They could all be solved, but not by a Tory.

They include:

- Brexit, which does not and never will work.

- Division over Northern Ireland.

- Scotland wishing to leave the Union, to which Tories have no answer.

- Covid, which is crippling the NHS with more cases than ever.

- No progress on climate change.

Then there is:

- Inflation, which is not caused by wage demands, meaning what the government and Bank of England are seeking to do by raising interest rates is the wrong solution to the problem we face.

- Strikes, because people need inflation matching pay rises to survive.

Top that with:

- A cost of living crisis, which inflation policy is not addressing.

- Officially encouraged interest rate rises that massively increase the scale of the cost of living crisis.

Millions of British people face poverty and even financial destitution as a result.

It’s fair in that case to assume we will have:

- An increase in homelessness as people cannot pay their rents or mortgages.

- Overwhelmed food banks.

- Hungry children, who might be homeless too.

Mix into all this:

- The fact that vast numbers of small businesses are in deep trouble because of interest rate increases and because people who can’t pay their mortgages or rent have nothing left to spend on anything else.

- Unemployment is going to increase as a result.

Then note the problems for a man wanting to balance the government budget:

- Record NHS waiting lists.

- A failing court system.

- Social care beyond breaking.

- Education stretched to its limits.

- Increased defence demand.

- An alienated civil service.

Nothing can be cut.

Sunak’s own policies are only likely to make this worse:

- Unemployment is forecast to increase significantly by the Bank of England.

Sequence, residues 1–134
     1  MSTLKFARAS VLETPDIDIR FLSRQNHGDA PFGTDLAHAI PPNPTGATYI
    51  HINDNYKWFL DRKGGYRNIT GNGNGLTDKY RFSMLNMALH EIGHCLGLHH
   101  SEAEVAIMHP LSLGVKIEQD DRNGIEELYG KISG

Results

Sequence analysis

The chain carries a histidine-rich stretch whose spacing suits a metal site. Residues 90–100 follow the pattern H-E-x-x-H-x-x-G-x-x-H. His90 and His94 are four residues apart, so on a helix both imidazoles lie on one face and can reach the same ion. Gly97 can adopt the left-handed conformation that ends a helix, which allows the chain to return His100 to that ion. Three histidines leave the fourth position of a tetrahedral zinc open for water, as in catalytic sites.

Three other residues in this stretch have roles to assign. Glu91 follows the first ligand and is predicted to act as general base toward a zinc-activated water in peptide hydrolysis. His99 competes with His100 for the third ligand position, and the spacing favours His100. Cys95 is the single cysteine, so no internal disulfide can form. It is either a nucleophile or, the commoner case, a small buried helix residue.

- Universal credit costs will rise.

- Falling real wage increases push up benefit claims.

- Increasing rents require more benefit payments.

The current cost of living crisis will also cut some tax revenues in real terms.

- Rents, mortgages and food will be a bigger party of spending. None have VAT on them.

- Energy has low VAT.

- Companies not making profits don’t pay tax.

- Nor do most unemployed people.

Sunak won’t be balancing any books any time soon then. But he has to:

- Keep markets happy because that is apparently his main job.

- Fill a supposed ‘black hole’ in government finances without creating new money, which he did during the Covid era.

Sunak has to succeed despite these constraints:

- Crazy demands from across the Tory party, that are irreconcilable.

- Demands for balanced budgets that are exactly the wrong economic policy for this moment.

- A kamikaze Bank of England intent on crashing the economy.

There are policies Sunak could use to address the issues he faces.

He could:

- Use QE to fund spending to address the cost of living and continuing Covid crises, quite legitimately.

- Tell the Bank of England to hold or even cut interest rates.

He could also:

- Massively reduce the interest paid by the government to banks in their funds held at the Bank of England.

- Change the rules on ISA and pension saving to provide funding for a £100 billion a year Green New Deal to deliver sustainability and beat recession.

And he could: